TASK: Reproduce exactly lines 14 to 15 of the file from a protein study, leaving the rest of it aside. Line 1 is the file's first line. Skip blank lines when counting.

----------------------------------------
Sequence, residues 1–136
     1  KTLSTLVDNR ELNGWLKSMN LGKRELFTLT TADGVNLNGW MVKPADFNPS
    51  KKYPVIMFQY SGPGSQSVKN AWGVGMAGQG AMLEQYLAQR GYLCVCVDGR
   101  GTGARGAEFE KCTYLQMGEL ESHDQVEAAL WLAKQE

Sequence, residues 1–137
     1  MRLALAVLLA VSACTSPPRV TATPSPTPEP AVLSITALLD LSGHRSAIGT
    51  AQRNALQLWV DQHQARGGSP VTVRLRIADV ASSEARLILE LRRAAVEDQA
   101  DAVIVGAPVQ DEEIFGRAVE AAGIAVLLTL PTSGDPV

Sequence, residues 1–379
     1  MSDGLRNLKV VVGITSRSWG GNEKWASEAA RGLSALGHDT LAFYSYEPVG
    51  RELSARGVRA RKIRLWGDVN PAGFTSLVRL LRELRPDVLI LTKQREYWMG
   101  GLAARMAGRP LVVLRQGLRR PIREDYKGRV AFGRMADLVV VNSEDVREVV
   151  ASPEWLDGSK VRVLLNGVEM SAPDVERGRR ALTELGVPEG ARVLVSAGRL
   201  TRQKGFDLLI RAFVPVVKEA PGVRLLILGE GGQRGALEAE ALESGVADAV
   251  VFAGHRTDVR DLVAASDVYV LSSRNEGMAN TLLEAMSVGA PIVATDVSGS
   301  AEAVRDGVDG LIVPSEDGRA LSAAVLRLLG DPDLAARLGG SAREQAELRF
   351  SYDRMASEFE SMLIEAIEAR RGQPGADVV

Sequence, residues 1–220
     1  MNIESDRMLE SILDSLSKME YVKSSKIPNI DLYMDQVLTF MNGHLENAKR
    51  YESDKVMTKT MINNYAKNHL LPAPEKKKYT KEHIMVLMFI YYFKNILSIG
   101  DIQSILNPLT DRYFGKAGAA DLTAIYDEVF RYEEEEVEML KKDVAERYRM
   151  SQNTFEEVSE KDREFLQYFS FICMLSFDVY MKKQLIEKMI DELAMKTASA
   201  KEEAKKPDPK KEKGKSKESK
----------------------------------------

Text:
   201  TRQKGFDLLI RAFVPVVKEA PGVRLLILGE GGQRGALEAE ALESGVADAV
   251  VFAGHRTDVR DLVAASDVYV LSSRNEGMAN TLLEAMSVGA PIVATDVSGS